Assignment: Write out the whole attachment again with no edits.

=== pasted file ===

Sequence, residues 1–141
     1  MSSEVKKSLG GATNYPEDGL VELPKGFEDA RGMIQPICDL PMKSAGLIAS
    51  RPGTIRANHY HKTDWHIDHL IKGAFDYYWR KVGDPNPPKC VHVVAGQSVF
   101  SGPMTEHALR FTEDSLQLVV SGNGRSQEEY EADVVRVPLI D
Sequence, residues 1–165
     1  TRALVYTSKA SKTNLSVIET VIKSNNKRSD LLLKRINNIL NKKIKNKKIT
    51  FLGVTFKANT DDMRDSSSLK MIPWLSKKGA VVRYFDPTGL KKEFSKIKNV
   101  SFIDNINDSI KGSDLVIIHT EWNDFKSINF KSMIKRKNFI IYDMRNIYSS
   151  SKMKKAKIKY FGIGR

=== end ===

Sequence, residues 1–141
     1  MSSEVKKSLG GATNYPEDGL VELPKGFEDA RGMIQPICDL PMKSAGLIAS
    51  RPGTIRANHY HKTDWHIDHL IKGAFDYYWR KVGDPNPPKC VHVVAGQSVF
   101  SGPMTEHALR FTEDSLQLVV SGNGRSQEEY EADVVRVPLI D
Sequence, residues 1–165
     1  TRALVYTSKA SKTNLSVIET VIKSNNKRSD LLLKRINNIL NKKIKNKKIT
    51  FLGVTFKANT DDMRDSSSLK MIPWLSKKGA VVRYFDPTGL KKEFSKIKNV
   101  SFIDNINDSI KGSDLVIIHT EWNDFKSINF KSMIKRKNFI IYDMRNIYSS
   151  SKMKKAKIKY FGIGR